Star-eating black hole sheds light on cosmic gravitation

19 Jun 2018
Intermediate black hole shown in this image from the NASA/ESA Hubble Space telescope, marked by a red arrow.  Copyright ESA/Hubble & NASA.

An international team of astronomers is increasing the understanding of cosmic gravitational phenomena with the discovery and observation of a potential rare type of black hole in the process of tearing apart and feasting on a nearby star.

Team member, University of Queensland astronomer Associate Professor Holger Baumgardt of the School of Mathematics and Physics said this cosmic phenomenon called an intermediate mass black hole (IMBH), was discovered gorging on the resulting debris of the star, and throwing off an enormous amount of light in the process.

Artist illustration of the Chandra X-ray Observatory.  Chandra is the most sensitive X-ray telescope ever built.  Courtesy NASA. (image link)

He said astronomers had clear evidence of only two black hole types: supermassive black holes from the centres of galaxies, and stellar-mass black holes formed at the end-of-life of massive stars.

“Lying between these extremes is a more retiring black hole family member: intermediate-mass black holes (IMBHs), that are especially elusive, and thus very few have been found,” said Dr Baumgardt.

“This is incredibly exciting as this type of black hole hasn’t been observed so clearly before or observed in the act of tearing a star apart,” said lead scientist Dr Dacheng Lin of the University of New Hampshire, USA.  

“Since star-triggered IMBH outbursts happen rarely, this discovery suggests that there may be many more dormant IMBHs lying in the edges of galaxies across the local Universe.

“During a merger they would sink towards the centre of their home galaxy and subsequently be swallowed by the supermassive black hole there. By studying the distinguishable waves emitted at this time we can start to better understand these complex cosmic gravitational phenomena.”

Dr Lin and colleagues discovered the IMBH with a mass 50,000 times of our Sun, inside a galaxy 760 million light years away, as part of a galaxy survey taken in 2006 and 2009.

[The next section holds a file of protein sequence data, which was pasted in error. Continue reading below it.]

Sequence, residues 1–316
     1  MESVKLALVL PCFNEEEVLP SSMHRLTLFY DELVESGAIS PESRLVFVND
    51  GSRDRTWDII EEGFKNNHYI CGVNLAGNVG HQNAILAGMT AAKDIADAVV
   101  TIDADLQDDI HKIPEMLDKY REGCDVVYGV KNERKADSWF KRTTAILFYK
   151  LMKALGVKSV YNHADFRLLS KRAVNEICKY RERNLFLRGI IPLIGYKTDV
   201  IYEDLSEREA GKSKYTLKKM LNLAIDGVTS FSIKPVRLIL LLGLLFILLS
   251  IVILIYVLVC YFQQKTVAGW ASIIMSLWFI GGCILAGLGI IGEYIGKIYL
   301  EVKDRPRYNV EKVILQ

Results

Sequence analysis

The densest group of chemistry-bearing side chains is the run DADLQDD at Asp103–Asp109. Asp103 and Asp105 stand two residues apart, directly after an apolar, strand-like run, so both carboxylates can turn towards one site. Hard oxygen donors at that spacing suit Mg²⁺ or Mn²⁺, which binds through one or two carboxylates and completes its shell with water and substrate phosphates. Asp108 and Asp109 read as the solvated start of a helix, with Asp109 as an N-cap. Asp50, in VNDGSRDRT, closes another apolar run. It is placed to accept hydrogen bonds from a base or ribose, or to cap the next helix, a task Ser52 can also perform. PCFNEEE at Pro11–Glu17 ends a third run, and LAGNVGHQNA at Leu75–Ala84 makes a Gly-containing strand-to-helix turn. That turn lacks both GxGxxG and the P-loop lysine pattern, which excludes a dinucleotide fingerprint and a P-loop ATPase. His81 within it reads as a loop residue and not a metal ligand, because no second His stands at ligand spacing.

The researchers determined the star was likely disrupted by the IMBH sometime in October 2003, and produced a burst of energy that decayed over the following 10 years. The galaxy is named 6dFGS gJ215022.2-055059, while the X-ray source inferred to contain the IMBH is named 3XMM J215022.4−055108.

The study, A luminous X-ray outburst from an intermediate-mass black hole in an off-centre star cluster, is published in Nature Astronomy (doi 10.1038/s41550-018-0493-1). The study used data from ESA’s XMM-Newton X-ray space observatory, NASA’s Chandra X-Ray Observatory, and NASA’s Swift X-Ray Telescope, and additional images from the Canada-France-Hawaii Telescope, the NASA/ESA Hubble Space Telescope, NAOJ’s Subaru Telescope, the Southern Astrophysical Research (SOAR) Telescope, and the Gemini Observatory.

Along with UQ and the University of New Hampshire, it also involves researchers from Michigan State University; Gemini Observatory/AURA, Chile; Universidad Nacional Autónoma de México; San José State University; University of California; Eureka Scientific; Netherlands Institute for Space Research; University of Alabama; MIT; Universit de Toulouse; University of Amsterdam; Université de Strasbourg; and Herzberg Institute of Astrophysics.

Media:  Associate Professor Holger Baumgardt, (UQ), +61 7 336 53430 or Dr Dacheng Lin, (University of New Hampshire), +1 (603)862-4379